Park rangers at most locations have provide Taginator, a bio-degradable chemical that has proven to be quite effective at removing graffiti from rock. Volunteers were briefed on safety protocols at the start of our events. They used gloves, mask and protective eye wear while working.

Despite those efforts, there is still more graffiti to be removed, especially at areas like Northwest Branch where entire boulder problems have been covered over.

MAC is looking for volunteers to form a graffiti removal task force specifically at Northwest Branch. If you are willing to volunteer a few hours a month to work on it, email info@midatlanticclimbers.org. Training and all materials will be provided.

 

Posted in Uncategorized

MAC Volunteers Donate more than 1,000 Hours of Service to Climbing Community in 2013

This fall, Mid Atlantic Climbers took a bold step towards making a broader impact at area crags by planning a record five events for the season. In addition to hosting more events than typical, MAC is also thrilled to announce that with our volunteers help, we have surpassed a record of 1,000 volunteer hours this year. Mid Atlantic Climbers Volunteers Tamping

Each event hosted record numbers of volunteers and were made possible through the commitment and service demonstrated by MAC volunteers, whether they were new volunteers or veterans.

Adopt a Crags are the Access Fund’s signature stewardship program designed to unite climbing communities and land managers with the goal of conserving local climbing areas. MAC has hosted Adopt a Crags in the area for more than 10 years, and each event has not only given volunteers the opportunity to give back to the land but also built strong and sustainable relationships between climbers and land managers.

At each event, the list of projects were varied, but the completion of each one resulted in reduced human impact and an opportunity to give back to the places where climbers recreate. From making trail improvements to laying mulch to removing graffiti, MAC volunteers have worked tirelessly to complete every project and contributed valuable time and effort towards keeping our crags beautiful.

AEdwin Removing Grafittind besides working hard at events, MAC volunteers have helped represent the face of the climbing community in the Washington, D.C. area. At every trail cleanup, park officials always remark at how conscientious, skilled, and responsible MAC volunteers are. We often hear that the kinds of projects we accomplish at our Adopt a Crags never would have been possible without the hard work and commitment of our fantastic volunteers.

It is because of your hard work and your efforts to care for local crags that we continue to have good relationships with land managers. Thanks again for all your hard work this fall! We’re looking forward to one more event at Sugarloaf and are already planning for the 2014 season.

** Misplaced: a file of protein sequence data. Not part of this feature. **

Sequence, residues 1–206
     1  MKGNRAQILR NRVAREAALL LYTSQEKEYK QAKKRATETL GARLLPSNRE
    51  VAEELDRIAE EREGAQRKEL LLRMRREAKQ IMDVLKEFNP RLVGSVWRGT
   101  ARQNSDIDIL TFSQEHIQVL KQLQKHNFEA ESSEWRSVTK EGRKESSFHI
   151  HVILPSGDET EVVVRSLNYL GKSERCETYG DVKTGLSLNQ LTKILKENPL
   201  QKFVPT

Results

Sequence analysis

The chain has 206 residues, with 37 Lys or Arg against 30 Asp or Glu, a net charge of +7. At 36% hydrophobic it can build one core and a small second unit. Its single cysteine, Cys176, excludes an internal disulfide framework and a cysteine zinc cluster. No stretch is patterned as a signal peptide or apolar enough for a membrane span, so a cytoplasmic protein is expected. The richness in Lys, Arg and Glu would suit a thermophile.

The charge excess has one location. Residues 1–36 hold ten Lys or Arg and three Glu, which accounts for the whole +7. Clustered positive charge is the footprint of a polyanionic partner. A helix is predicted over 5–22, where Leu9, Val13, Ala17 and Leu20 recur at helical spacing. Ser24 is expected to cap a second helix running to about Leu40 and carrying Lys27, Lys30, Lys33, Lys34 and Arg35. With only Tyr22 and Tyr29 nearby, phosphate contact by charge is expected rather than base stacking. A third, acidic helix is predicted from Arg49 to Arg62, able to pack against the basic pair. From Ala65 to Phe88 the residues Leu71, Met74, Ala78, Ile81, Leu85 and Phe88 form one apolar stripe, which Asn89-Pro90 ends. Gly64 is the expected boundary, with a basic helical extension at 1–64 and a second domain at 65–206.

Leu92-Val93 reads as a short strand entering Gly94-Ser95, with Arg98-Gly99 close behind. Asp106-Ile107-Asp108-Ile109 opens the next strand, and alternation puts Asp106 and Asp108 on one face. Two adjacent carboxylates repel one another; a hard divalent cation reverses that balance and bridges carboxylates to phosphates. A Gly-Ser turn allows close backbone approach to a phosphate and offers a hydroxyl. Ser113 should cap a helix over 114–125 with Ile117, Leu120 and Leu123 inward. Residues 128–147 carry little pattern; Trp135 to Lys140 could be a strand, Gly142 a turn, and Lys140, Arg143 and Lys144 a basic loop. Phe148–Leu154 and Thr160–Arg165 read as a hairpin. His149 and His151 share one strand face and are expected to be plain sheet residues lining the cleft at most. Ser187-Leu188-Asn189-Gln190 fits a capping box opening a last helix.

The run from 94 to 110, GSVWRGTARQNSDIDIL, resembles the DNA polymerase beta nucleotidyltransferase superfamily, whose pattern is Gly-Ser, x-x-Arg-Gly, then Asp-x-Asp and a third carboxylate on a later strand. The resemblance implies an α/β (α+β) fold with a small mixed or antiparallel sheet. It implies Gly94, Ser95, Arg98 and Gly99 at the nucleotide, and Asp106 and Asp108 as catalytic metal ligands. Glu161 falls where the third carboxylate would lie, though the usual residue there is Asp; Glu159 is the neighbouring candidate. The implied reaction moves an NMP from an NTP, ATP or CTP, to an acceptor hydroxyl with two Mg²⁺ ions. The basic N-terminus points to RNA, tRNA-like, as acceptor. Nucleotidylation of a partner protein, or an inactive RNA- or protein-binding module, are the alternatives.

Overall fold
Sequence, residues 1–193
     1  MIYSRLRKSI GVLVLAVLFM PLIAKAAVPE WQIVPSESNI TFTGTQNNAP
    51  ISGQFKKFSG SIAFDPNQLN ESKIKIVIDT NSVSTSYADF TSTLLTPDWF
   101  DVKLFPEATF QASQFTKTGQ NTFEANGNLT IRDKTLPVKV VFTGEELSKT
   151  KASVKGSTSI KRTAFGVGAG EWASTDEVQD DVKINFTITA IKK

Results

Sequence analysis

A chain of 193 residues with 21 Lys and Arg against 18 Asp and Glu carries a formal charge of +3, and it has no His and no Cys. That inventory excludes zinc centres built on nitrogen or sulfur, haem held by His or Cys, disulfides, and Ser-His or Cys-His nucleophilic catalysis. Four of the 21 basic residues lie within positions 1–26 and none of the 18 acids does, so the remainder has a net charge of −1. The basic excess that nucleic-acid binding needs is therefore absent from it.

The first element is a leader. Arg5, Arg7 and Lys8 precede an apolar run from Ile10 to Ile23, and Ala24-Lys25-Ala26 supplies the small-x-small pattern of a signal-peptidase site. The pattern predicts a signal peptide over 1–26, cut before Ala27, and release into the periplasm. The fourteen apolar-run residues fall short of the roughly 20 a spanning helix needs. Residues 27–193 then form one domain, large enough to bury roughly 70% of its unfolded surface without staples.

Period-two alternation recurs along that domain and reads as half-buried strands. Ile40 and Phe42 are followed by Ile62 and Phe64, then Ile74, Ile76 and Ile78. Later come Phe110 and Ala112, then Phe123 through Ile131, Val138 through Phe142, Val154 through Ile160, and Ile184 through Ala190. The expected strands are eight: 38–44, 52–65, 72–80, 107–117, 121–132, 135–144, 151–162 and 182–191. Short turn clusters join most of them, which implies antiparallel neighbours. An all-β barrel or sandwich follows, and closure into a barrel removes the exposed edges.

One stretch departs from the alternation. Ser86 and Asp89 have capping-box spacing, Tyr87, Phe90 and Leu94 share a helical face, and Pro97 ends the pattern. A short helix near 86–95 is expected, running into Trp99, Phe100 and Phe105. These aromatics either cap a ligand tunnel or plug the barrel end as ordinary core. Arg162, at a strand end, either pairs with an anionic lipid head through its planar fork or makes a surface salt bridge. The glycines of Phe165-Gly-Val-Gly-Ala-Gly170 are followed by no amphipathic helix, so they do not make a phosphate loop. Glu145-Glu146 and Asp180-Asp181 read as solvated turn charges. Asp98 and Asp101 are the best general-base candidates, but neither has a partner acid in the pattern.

If you have suggestions for future events or would like to help plan an Adopt a Crag, email info@midatlanticclimbers.org.

 

Posted in Uncategorized

Mid-Season Update: Great Turnout at Fall Events

Volunteers at Great Falls

This fall, Mid Atlantic Climbers planned a record five adopt-a-crags. After three events, we’ve had a record number of volunteers out.

The season’s third event was held this past weekend at Great Falls National Park in Virginia. This was MAC’s 11th event at the park and, despite the federal government being shut down until the Thursday prior, we were still able to hold the event.

Volunteers at Great Falls

On Saturday, a total of 22 volunteers spent a Saturday morning closing a social trail in the northern section of the park. Social trails are trails that are not established or maintained by the park system. Usually those who visit the park create them as a shortcut between trails or they are created by a large volume of foot traffic. Especially in parks like Great Falls, social trails can damage native plant species and cause unnecessary environmental impact. The trail MAC volunteers closed was used as a shortcut between two trails that were roughly 300 feet apart.

After finishing up the trail work, volunteers enjoyed a cookout sponsored by Solid Rock Climbers for Christ. Many volunteers also received prizes in the raffle. Some also stayed for a workshop on Leave No Trace principles.

Photos of the event can be seen on our Facebook page.

We have two more events this fall, including Northwest Branch on November 9 and Sugarloaf on November 30. To register for either event, go here.

Thanks to all of our volunteers who have come out so far this season! We hope to see you at our last two events of the year.

Posted in Adopt-a-Crag, climbing, Uncategorized